What I also dislike about Fuji is that when the camera is set to AutoISO and the flash is turned on, the camera still raises the ISO in order to get some ambient light in. Balancing flash with ambient light is not a bad thing, but the way in which Fuji implemented it is. From my experience with other brands I noticed that Fuji lets the ISO climb much higher than other cameras would do, even when there is no ambient light at all. Every time I set the camera to flash I need to remember to revamp my AutoISO settings otherwise the image quality would be severely impacted.
Fuji needs to redesign their flash system. It seems like the people that designed it never tested their cameras with flash out in the field. Fuji cameras are seen, and more importantly, priced like professional cameras. This flash system is simply not worthy of being a feature in a professional camera. If someone at Fuji is reading this, let this be a wake-up call. Get your act together. I am more than willing to tell you what is wrong with the flash implementation of Fuji.
Personally I would like to see a firmware update for Fuji that addresses most of the concerns that I have with the Fuji flash system. Proper AF assist, HSS and fixing those stupid bugs would be a start. Realistically speaking this is not going to happen anytime soon. Fuji is not going to release a firmware upgrade for all their X-series bodies. I really hope that they do realize that there is a must for a change and fix it in their new cameras.
One thing is sure, the Nissin i40 is competing against the big boys. It is a featherweight that punches way above its weight class. Without a doubt this is currently the flash that you have to get for your mirrorless camera. No other flash even comes close. It has all the features you would need in a flash, but contained in a minuscule package. I applaud Nissin for rethinking the speedlite and creating a version that is meant to be used with mirrorless cameras.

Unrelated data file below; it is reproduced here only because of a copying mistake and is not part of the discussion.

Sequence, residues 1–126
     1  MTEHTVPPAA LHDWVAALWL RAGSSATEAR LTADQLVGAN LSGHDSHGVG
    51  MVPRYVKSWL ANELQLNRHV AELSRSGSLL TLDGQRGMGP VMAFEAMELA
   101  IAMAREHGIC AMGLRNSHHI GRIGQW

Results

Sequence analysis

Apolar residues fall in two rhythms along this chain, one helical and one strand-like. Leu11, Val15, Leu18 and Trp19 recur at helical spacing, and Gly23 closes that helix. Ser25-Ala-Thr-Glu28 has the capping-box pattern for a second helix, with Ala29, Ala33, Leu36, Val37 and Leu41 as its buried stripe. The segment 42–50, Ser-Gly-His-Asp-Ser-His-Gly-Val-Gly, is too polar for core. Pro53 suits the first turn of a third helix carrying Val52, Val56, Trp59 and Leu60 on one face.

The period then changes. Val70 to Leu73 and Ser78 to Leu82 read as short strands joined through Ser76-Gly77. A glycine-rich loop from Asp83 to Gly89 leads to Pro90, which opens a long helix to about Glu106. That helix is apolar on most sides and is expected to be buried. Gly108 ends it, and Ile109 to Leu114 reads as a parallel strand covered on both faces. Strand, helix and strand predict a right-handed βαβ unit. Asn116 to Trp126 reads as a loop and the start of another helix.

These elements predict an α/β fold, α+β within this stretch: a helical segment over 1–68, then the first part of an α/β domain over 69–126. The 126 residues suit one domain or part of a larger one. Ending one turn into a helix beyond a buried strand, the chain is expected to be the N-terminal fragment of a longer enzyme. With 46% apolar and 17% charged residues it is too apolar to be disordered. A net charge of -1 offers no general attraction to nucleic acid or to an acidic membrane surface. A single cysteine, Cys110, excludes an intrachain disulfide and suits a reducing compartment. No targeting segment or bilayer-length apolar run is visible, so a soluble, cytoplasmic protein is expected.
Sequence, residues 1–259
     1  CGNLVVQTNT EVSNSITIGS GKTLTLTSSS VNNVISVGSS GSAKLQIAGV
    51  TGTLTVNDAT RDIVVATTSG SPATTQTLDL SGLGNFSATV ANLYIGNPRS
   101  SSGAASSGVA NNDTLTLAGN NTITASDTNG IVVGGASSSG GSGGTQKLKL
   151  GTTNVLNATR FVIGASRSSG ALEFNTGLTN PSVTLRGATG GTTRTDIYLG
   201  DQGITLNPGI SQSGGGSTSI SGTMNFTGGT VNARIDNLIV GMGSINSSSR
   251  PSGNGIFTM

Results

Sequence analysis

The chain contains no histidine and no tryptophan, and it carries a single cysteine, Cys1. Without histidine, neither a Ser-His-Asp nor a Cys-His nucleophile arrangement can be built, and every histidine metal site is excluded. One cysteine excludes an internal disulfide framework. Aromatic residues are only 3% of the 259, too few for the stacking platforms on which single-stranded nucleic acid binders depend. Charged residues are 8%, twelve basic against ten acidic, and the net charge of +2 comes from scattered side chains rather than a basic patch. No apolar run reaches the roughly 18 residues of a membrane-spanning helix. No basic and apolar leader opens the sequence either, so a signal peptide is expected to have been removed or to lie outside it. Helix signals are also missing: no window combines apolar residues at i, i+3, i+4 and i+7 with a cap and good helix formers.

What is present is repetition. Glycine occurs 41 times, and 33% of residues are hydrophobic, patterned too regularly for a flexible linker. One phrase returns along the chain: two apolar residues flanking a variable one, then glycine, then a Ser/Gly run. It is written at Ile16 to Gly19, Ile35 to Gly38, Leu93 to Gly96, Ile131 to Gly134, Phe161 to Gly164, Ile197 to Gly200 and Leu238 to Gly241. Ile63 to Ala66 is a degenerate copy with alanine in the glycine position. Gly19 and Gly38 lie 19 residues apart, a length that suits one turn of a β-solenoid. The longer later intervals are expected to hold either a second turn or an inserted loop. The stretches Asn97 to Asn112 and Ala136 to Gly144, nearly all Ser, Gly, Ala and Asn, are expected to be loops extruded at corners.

For people that are interested in off-camera flash this Nissin might not be the best option to get. Due to the flash form factor it would overheat more easily and it does not feature the best guidenumber. It is not a workhorse that should be used to overpower the sun or shoot through several layers of diffusion fabric. In that case you should invest in a manual power flash.
During this review I used the i40 on a Fuji camera, specifically the Fuji X-E2. For Fuji it’s a big deal that a good flash is released for the Fuji X-series system. It is simply a joy to work with the i40. Before the release of the i40, Fuji flashes just caused a lot of frustration but this could become a thing of the past thanks to its introduction.
One thing I did not mention yet during this review is the price. In the Netherlands it is available for 219 euro. Personally I consider this as a steal. It has all the features of a professional unit and they are provided in such a small form factor.
The main problem for Nissin is that Fuji implemented flash in a poor way in their cameras. The Nissin i40 for Fuji could have been even better than it currently is, but it is already close to perfect. For me, Nissin has set the new standard for mirrorless flashes. Nissin went all out on the development of this flash and they managed to get something amazing. If you are looking for a mirrorless flash, you should check out the i40 for sure. Definitely recommended.